Porque el clima no puede pararnos y nos queda tanto por hacer
Oramos por ellos que no saben lo que viene
Que el tiempo sea una amiga
We pray for those who don't know what is to come
May time be a friend
I pray for those who “don’t have much strength to fight”
That they may “look to the light, to make these wrongs turn right, heads up high
Look to the light”
Oro por ellos que no tienen mucho fuerza para luchar
Que pueden mirar la luz, hacer justicia de las injusticias, con las cabezas erguida
Mirar la luz
Hear us Lord
Oramos por los niños sin familia
Oramos por los niños en el barrio
Oramos por todos los que ya no tienen paz en sus vidas
Oramos por los que tienen miedo
Miedo del futuro de este país o del mundo
Dios ayúdanos a mejorar este mundo por el bien de nosotros y el de los que vendrán
We pray for kids without family
We pray for the kids in the ghetto
We pray for all who don't know peace in their lives
We pray for the fearful
Fear for the future of this country or this world
Lord help us a make this world better for ourselves and for those after us
I pray for this city and its people, big and small, light and dark.
I pray for its first inhabitants and those that were forced here by the next ones
May their tree never fall
Oro por esta ciudad y sus gente, grande y pequeña, blanca y morena
Oro por los primeros habitantes y los que los que vinieron después forzaron a venir
Que su árbol nunca se caiga
So I stand before you in this place
“Wishing you godspeed, glory”
Hoping you know that “this love will keep us through blinding of the eyes, silence in the ears, darkness of the mind” the aging of the years, the oppression of the small, the ending of life.
This love will guide us through the hate, the shootings, the silencing, the cries, the pleads, the suffering, the misery, the sobs, It will get us through the bombings like the one that happened in this city.
Y así estoy aquí contigo
“Deseándote suerte y gloria”
Ojalá sepas que este amor va a guardarnos de la ceguera de los ojos, el silencio en los oídos, la oscuridad de la mente, el envejecimiento con el correr de los años, la opresión de los pequeños, y el fin de la vida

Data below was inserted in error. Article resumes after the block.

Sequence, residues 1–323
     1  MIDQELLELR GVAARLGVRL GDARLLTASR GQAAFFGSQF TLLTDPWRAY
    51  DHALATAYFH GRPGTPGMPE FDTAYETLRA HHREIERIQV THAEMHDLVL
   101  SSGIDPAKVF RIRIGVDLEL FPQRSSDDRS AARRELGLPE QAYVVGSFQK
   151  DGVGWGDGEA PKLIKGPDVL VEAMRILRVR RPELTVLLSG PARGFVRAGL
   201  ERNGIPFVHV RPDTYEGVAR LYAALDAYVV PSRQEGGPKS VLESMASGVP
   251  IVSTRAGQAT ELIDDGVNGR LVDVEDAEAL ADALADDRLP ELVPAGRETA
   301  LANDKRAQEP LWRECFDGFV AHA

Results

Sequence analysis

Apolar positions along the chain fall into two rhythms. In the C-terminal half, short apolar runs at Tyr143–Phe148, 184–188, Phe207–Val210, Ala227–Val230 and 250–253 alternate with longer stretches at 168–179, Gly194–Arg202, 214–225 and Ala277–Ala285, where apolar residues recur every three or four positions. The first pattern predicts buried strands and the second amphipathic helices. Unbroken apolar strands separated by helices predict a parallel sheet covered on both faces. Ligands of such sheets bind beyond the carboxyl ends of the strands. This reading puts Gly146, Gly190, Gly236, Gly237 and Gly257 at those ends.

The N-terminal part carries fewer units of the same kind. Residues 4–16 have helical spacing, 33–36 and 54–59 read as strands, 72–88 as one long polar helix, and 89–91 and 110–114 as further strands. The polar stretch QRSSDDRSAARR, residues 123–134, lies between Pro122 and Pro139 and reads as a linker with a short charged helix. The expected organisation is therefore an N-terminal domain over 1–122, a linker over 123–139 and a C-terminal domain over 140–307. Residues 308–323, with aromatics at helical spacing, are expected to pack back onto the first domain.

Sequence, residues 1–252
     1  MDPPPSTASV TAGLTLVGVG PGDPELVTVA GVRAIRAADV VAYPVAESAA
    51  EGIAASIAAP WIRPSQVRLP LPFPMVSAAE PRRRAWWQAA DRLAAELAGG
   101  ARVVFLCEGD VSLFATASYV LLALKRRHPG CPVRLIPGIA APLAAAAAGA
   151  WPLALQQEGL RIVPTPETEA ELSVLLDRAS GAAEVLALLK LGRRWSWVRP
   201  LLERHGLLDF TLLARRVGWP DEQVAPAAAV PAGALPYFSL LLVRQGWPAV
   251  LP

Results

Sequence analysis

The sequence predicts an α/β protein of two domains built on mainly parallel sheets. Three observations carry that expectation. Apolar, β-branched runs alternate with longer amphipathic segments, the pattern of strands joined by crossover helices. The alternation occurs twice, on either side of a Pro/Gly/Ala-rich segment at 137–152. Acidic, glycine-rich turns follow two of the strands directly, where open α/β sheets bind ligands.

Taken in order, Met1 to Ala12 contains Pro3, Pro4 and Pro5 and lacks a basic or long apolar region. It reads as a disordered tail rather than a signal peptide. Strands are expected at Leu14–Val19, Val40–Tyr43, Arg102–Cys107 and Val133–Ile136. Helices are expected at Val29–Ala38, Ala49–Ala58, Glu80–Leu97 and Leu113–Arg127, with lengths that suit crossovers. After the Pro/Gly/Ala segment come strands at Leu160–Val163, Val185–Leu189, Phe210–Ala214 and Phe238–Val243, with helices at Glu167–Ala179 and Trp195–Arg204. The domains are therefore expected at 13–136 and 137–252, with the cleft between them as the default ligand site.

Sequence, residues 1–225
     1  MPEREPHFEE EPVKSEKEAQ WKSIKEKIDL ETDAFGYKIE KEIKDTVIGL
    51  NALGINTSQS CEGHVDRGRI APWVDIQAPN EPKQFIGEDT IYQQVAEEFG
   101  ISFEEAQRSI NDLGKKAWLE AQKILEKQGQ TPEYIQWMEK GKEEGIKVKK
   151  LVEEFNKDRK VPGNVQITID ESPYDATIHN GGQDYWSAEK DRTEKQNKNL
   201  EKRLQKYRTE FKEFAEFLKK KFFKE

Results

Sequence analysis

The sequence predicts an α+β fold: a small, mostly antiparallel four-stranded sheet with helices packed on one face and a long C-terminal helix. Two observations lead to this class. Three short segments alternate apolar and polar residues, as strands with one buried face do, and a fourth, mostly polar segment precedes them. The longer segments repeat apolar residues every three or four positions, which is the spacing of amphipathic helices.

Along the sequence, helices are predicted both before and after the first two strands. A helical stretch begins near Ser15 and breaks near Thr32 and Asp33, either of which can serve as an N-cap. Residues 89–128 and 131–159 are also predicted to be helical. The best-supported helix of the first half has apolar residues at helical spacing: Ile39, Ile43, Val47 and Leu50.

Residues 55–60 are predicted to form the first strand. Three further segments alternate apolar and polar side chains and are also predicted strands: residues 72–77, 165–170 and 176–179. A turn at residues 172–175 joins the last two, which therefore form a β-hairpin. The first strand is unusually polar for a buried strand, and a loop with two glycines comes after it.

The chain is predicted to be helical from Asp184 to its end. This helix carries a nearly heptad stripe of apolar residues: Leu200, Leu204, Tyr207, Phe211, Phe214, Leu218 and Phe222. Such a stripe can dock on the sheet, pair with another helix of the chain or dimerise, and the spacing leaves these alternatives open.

Este amor nos guiará a través del odio, tiroteos, lloros, silenciamientos, plegarias, sufrimiento, miseria, gemidos. Este amor puede guiarnos aun durante bombardeos como el que ocurrió en esta ciudad
So we bring these things to your face God and we say Alabanza. We see you Lord in each other and in ourselves. And here we love, unconditionally and deeply, for that is what you've called us to do. And so we scream your praises, we scream our pleads, we scream because that's all we have left to do and we scream to you Lord. We scream it from the mountaintops and from the valleys below. We scream it in caves and streets. In bell towers and monuments.
We scream it Lord.
Y así Señor traemos estas cosas ante tu rostro y decimos Alabanza. Te vemos a ti Señor en los otros y en nosotros. Y aquí amamos profundamente y sin condiciones, porque eso es lo que nos llamaste a hacer. Gritamos tu alabanza, gritamos nuestras súplicas, gritamos porque es todo lo que nos queda y te gritamos a ti Señor. Gritamos desde las montañas más altas y los valles más profundos. Gritamos en las cuevas y las calles. En campanarios y monumentos.
Lo gritamos Señor
Download the pdf of Alabanza.
So, you have your EYE17 Peace Coin. You are among a very small group of Episcopalians who hold one of these limited edition items. You have been entrusted with this coin as an outward sign of your commitment to peacemaking.
The Peace Coin is based on the concept of a Challenge Coin, which you may have heard about on the popular podcast, 99% Invisible. According to Wikipedia, a Challenge Coin "is a small coin or medallion (usually military), bearing an organization’s insignia or emblem and carried by the organization’s members." Challenge Coins are not like actual money. They are typically larger, more colorful, and have symbols on them that are identifiable only if you are a member of the particular group or organization that produced them.
Similarly, the Peace Coin was produced for participants of EYE17 as a reminder that we are part of the Episcopal branch of The Jesus Movement dedicated to making and keeping peace in our communities and across the globe.
Do you know what each of the Peace Coin symbols mean?
Can you identify every symbol on the coin? Maybe you can get most, but not all of them? Maybe you're a super-Episcopalian and could identify every icon on the first try?
If you're like many of us, once the symbol is decoded you can easily identify its origin.
Here's a quick decoder for your EYE17 Peace Coin.
CULTIVATE (the Young Adult and Campus Ministry Leadership Conference) is an Episcopal conference for leaders in ministry with young adults on and off college campuses. Held annually, this conference is an opportunity for leaders who are new to this work as well as those who have longstanding roots in this ministry. It is an opportunity for participants to meet and connect with one another in order to be nourished and nurtured in ministry with young adults.